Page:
Arizona Emergency Net - Maricopa

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This site currently includes recordings from 2010-2012

AEN-MAR

Every Monday night, the Arizona Emergency Net – Maricopa meets on 2 meters FM for training and exercise in the public service communication arts. We focus on preparation and readiness for public service – be it scheduled events like bike races or drills, or emergencies such as storm damage or terrorist attacks. Someone has to be ready. This net is dedicated to addressing that challenge. The Arizona Emergency Net – Maricopa also activates during threats or emergencies affecting Maricopa County

09-19-2011 - New Participant Briefing - KE7VIN

07-10-2011

30 stations participated.  Of those, 10 had not served with their radio at a public service event.  Most of those are signed up for an MCECG event in the near future.

We assigned tactical call signs and discussed their use.  Tactical call signs clarify the function and location of the station.  They can be easier to understand in marginal communications conditions than the FCC call sign.  Tactical call signs are used to get Net Control's attention.  Say only your tactical call sign and wait for Net Control to acknowledge you.  Then pass you traffic.  When you are done with you traffic close with your FCC call sign.  This lets Net Control know you don't expect anything from them.  If you are expecting something back, end your transmission without any call sign.  After your exchange is complete use your FCC call sign to complete the traffic.  If an assignment is long enough that another operator relieves you, the tactical call sign will be passed to the new operator.  Also, if you complete your assignment and accept a new one (the rest stop closes and you are assigned to a new function) your tactical call sign will probably change with the assignment.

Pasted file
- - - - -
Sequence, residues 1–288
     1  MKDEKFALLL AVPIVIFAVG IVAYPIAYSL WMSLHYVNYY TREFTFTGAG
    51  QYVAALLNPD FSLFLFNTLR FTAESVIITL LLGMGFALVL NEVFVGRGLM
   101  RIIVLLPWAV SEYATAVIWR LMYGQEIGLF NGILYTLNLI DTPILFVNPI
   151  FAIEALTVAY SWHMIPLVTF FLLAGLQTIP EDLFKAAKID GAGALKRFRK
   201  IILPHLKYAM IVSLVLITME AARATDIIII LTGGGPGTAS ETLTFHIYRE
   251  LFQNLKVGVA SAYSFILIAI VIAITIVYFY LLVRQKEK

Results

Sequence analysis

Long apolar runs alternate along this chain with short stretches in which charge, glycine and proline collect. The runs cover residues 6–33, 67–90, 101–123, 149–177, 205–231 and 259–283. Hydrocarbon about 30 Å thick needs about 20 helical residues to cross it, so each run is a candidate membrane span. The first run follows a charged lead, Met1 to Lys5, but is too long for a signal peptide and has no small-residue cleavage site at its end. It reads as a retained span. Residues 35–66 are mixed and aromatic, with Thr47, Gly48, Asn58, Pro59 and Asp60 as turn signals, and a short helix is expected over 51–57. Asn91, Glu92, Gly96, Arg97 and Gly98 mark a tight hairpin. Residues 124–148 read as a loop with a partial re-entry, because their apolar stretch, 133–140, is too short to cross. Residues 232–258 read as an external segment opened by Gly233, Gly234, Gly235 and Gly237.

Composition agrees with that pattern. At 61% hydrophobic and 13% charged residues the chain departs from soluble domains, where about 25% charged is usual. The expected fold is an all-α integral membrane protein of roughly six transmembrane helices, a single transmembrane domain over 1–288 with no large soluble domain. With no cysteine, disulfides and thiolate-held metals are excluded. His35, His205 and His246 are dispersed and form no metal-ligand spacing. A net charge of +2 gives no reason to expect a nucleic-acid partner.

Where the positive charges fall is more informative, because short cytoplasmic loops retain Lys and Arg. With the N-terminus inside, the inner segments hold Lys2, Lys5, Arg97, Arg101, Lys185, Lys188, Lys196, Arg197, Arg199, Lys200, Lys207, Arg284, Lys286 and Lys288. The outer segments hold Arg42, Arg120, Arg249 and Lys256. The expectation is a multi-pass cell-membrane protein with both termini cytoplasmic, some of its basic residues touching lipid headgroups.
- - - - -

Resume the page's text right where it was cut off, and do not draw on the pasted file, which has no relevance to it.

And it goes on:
To be effective communicators we need to be clear and concise.  Use as few words as necessary.  "Back to Net Control" is not necessary.  When your are finished Net Control automatically takes the frequency back.  In a controlled net, nobody passes any traffic without permission from Net Control.  Think about what you are going to say before you key the mic.  One station suggested writing you traffic down before you transmit.  Then you know what you are going to say and you have a log of what traffic you passed.  Listen to how the net is conducted and you will learn how it is done.

A station asked what a rookie should bring to a public service event.  Several stations had suggestions:
Water
Snacks (you can eat the food provided at the rest stations if that's where you are assigned)
Hi-viz green reflective vest
Extra batteries for you radio
Flashlight (for evening or night events)
First aid kit
Medications for long deployments
Anything else you think you might need

We welcome all the new stations.  We look forward to working and learning with you.

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